The survey of 5,000 British adults conducted earlier this month found that 35 per cent of respondents will be holidaying in the UK this summer, compared to 25 per cent last year.
And with the average seven-day UK holiday expected to cost £422.69 (down £144.31 from 2010), Travelodge estimates that the sector will benefit by an additional £7.2bn from summer ‘staycations’, or home holidays.
“It has been a tough year for many British adults with rising household costs and Government cutbacks but our research shows that cash strapped Britons are clinging onto their annual holiday in order to add some cheer into their lives,” said Shakila Ahmed, Travelodge spokesperson.
“Due to hefty financial cutbacks, more Britons are opting for a Staycation break this year, which is great news for the British tourism industry.”
Top UK locations
The report found that 41 per cent of respondents are finding it more difficult to make ends meet this year compared to last year, which means they are postponing their holiday bookings until the last minute. Instead of booking holidays in January, most people will be booking in June, July and August.
“Britons are definitely waiting last minute to book their Staycation break this summer as we have seen a rise in summer bookings following the royal wedding weekend,” said Ahmed.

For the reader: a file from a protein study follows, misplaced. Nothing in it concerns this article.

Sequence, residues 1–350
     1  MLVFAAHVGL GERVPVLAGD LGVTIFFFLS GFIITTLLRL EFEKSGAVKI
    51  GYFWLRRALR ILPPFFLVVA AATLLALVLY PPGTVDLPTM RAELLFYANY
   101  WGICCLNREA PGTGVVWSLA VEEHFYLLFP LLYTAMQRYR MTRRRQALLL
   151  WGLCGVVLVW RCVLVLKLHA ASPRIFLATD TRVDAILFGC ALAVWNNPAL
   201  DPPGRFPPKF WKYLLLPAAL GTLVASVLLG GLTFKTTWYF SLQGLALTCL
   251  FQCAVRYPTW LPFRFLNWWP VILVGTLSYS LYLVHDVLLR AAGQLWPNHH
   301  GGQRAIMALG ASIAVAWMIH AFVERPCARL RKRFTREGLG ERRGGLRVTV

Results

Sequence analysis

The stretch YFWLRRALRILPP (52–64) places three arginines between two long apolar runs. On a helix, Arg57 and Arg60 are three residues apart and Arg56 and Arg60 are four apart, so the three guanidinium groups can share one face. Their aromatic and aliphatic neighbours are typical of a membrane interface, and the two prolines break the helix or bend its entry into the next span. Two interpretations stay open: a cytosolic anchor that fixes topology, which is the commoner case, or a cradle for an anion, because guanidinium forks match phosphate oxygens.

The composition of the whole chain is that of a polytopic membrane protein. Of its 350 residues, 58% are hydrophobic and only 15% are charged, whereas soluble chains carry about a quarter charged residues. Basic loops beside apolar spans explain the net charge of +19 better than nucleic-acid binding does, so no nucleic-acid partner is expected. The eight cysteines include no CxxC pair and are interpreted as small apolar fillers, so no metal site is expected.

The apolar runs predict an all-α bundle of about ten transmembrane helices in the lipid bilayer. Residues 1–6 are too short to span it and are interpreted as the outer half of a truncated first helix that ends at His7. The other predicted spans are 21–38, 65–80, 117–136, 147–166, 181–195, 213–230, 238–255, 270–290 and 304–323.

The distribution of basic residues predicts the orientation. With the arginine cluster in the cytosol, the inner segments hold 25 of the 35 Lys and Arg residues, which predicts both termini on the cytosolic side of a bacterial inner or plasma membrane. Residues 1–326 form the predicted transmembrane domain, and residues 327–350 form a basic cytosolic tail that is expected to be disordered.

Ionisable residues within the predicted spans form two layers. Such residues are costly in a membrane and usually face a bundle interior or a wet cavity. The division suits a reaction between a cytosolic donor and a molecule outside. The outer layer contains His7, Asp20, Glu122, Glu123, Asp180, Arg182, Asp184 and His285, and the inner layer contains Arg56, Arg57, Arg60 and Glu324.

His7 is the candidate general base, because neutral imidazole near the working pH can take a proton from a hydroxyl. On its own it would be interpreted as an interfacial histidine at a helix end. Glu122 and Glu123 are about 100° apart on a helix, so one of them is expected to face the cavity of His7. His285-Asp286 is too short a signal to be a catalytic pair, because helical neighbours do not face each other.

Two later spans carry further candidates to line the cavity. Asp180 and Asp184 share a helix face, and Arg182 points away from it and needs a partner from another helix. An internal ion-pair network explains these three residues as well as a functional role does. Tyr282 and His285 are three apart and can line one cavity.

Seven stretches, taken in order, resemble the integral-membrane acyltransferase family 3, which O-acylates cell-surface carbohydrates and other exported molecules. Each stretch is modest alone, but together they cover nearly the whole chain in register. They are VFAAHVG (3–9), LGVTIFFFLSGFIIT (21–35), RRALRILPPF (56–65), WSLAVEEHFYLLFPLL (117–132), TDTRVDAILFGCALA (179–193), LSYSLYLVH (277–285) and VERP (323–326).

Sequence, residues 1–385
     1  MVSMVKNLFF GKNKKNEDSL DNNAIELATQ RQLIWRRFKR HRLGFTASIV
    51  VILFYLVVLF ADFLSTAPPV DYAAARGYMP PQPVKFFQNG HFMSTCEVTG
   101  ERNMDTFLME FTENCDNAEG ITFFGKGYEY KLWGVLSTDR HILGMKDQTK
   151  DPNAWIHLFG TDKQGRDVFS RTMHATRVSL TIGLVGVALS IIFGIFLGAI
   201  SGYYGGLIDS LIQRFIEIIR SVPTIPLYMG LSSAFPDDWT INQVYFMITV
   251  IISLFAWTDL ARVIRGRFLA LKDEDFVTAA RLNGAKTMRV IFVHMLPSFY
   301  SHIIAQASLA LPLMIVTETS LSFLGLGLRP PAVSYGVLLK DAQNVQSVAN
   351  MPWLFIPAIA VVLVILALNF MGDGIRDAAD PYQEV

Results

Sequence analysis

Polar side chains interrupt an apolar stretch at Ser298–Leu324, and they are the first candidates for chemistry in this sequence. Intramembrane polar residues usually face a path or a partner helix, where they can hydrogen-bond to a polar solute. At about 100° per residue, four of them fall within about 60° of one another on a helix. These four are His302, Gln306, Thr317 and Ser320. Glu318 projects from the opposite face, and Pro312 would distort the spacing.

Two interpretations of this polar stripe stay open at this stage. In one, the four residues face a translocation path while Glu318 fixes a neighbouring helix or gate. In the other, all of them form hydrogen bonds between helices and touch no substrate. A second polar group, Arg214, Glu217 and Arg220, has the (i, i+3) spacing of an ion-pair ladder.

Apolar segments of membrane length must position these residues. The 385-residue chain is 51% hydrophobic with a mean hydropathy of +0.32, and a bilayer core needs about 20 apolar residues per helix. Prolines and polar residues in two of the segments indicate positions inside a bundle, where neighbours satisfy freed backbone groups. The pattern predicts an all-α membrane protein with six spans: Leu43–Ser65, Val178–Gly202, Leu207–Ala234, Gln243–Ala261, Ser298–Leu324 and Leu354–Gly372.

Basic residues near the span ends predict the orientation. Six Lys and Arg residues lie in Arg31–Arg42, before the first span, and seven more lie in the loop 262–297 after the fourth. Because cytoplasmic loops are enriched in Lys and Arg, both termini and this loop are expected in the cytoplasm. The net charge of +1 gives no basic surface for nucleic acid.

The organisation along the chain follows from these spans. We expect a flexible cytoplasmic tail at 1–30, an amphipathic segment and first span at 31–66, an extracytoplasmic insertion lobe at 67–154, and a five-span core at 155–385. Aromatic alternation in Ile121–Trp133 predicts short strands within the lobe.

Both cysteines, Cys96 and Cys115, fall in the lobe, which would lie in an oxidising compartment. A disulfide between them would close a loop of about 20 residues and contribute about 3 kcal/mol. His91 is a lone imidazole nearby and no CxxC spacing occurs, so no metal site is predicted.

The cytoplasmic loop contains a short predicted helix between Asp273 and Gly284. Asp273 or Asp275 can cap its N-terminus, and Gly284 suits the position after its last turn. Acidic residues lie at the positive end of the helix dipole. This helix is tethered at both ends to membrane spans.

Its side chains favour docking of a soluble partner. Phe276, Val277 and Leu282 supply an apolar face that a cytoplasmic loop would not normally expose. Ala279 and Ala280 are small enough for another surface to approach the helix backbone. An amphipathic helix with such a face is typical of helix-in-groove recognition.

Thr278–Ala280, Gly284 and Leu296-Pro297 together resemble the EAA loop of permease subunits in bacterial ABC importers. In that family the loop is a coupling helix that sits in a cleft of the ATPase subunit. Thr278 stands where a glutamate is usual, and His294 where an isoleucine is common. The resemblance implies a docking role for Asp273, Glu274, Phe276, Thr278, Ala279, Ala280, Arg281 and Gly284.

“Top locations are Cornwall, Devon, UK capital cities as well as the coastal locations such as Blackpool, Brighton, Scarborough, Eastbourne and Bournemouth.”
The top ten holiday ‘hotspots’ for UK tourists are:
- Lake District
- Scottish Highlands
- Wales (North & South)
The survey found that most Britons are planning three short UK breaks this year.
Out of those taking a summer break, one third will be opting for a seaside holiday, while one quarter will go for a city break.
A further 22 per cent will be taking a rural holiday, 20 per cent will be visiting relatives and 10 per cent will opt for a theme park-based holiday.
Out of the average staycation expenses of £422.69, the majority (£232.23) will be spent on travel and accommodation (down £20 from 2010), while a further £172.23 will be spent on visiting attractions (an increase of £67.23 from 2010).
When quizzed why they were choosing a British break this year, 38 per cent of respondents said it was cheaper than going abroad. The average foreign break is thought to cost £1427.58.